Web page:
US Attorney Corrects ‘Factual Inaccuracies’ Surrounding Arrest of Devyani Khobragade
NEW YORK—Manhattan U.S. Attorney Preet Bharara issued a statement Dec. 19 to correct “misinformation and factual inaccuracy” in media reports about last Thursday’s arrest of deputy consul general of India in New York, Devyani Khobragade.
Khobragade was arrested in relation to a fraudulent visa application for a nanny for her children. According to the criminal complaint, Khobragade allegedly gave the woman two employment contracts while still in India, one with a wage of around $4000 a month, which the employee was to provide with her US visa application. The other contract, the one that Khobragade allegedly told the woman would be her actual wage, was around $570 a month.
The woman arrived in the US with Khobragade in late November last year, and worked for her through to June 2013.
As is alleged in the criminal complaint, “She clearly tried to evade U.S. law designed to protect from exploitation the domestic employees of diplomats and consular officers. Not only did she try to evade the law, but as further alleged, she caused the victim and her spouse to attest to false documents and be a part of her scheme to lie to U.S. government officials,” Bharara said in the statement issued Wednesday.
“She was not, as has been incorrectly reported, arrested in front of her children. The agents arrested her in the most discreet way possible, and unlike most defendants, she was not then handcuffed or restrained,” Bharara said. “In fact, the arresting officers did not even seize her phone as they normally would have. Instead, they offered her the opportunity to make numerous calls to arrange personal matters and contact whomever she needed, including allowing her to arrange for child care. This lasted approximately two hours.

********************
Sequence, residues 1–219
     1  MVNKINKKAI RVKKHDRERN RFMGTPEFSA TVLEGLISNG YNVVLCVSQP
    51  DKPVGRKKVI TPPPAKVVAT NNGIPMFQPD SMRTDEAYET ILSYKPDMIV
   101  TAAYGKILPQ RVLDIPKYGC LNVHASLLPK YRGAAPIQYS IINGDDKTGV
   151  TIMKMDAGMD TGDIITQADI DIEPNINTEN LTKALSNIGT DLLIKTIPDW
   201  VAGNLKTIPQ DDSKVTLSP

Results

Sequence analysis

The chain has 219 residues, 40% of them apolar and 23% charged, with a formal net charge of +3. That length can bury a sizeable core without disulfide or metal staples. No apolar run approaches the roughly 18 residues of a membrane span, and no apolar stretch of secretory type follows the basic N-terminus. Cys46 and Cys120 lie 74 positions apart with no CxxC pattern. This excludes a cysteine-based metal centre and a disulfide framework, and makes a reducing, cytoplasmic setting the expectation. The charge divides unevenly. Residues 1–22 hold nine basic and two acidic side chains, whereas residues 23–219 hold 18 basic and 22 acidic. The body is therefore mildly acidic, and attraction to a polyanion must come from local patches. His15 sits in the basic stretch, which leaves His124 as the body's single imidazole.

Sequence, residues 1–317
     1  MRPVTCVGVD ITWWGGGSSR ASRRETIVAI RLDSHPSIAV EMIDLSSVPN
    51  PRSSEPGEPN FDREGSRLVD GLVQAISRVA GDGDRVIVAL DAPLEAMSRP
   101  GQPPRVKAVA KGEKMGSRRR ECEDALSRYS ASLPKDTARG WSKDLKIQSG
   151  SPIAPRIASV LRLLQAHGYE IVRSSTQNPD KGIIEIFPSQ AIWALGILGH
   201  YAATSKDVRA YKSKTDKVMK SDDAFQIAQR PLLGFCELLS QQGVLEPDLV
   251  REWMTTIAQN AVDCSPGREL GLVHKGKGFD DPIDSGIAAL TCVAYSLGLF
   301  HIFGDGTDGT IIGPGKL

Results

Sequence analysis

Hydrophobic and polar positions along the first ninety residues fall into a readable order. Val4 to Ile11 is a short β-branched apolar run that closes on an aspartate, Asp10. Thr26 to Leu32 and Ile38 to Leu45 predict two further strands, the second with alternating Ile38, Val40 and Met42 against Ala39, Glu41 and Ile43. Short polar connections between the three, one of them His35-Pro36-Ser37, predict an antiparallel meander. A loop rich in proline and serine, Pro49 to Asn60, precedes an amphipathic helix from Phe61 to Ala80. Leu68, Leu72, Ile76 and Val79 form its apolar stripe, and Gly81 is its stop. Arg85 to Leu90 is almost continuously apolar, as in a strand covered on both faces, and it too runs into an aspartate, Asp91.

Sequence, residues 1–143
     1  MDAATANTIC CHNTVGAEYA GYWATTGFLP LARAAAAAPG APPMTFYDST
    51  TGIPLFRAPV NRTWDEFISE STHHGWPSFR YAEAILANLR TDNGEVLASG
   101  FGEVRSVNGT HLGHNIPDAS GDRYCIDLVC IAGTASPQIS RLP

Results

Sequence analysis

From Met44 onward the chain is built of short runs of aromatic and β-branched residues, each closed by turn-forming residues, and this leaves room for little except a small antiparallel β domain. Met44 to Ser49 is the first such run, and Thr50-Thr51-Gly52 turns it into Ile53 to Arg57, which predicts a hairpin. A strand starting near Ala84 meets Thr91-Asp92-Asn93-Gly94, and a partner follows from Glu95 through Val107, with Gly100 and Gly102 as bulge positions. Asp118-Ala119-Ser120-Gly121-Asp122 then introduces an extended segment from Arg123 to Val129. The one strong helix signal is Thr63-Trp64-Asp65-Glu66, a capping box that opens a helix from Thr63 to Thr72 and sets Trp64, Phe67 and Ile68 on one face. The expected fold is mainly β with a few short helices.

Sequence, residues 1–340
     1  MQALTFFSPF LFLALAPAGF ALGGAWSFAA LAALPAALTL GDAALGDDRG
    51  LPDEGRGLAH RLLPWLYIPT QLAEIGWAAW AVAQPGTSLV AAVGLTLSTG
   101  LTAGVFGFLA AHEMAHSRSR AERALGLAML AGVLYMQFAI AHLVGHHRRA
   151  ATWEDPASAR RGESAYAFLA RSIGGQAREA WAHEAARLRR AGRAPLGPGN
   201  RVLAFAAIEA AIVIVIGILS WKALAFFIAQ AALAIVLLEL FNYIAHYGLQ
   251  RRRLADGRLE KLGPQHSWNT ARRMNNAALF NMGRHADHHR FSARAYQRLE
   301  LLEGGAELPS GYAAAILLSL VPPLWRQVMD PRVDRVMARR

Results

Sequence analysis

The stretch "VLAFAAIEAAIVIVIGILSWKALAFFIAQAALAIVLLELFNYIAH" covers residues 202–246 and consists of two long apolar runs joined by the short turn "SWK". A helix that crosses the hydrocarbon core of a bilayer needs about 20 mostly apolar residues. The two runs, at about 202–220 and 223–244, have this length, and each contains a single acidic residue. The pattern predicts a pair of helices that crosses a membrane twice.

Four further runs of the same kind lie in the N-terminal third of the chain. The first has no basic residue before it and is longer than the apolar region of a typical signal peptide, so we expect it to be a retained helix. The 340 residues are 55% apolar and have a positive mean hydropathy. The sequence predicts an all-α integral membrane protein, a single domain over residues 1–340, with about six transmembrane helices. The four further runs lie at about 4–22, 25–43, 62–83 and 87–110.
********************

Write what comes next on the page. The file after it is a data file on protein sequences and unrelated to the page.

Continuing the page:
“Because it was cold outside, the agents let her make those calls from their car and even brought her coffee and offered to get her food.
“It is true that she was fully searched by a female Deputy Marshal—in a private setting—when she was brought into the U.S. Marshals’ custody, but this is standard practice for every defendant, rich or poor, American or not, in order to make sure that no prisoner keeps anything on his person that could harm anyone, including himself. This is in the interests of everyone’s safety,” Bharara said.
Bharara said it was “important to correct these inaccuracies because they are misleading people and creating an inflammatory atmosphere on an unfounded basis.
“Although I am quite limited in my role as a prosecutor in what I can say, which in many ways constrains my ability here to explain the case to the extent I would like, I can nevertheless make sure the public record is clearer than it has been thus far,” Bharara said in the statement.
Ms. Khobragade is the deputy consul general for political, economic, commercial, and women’s affairs at the Indian Consulate in New York City.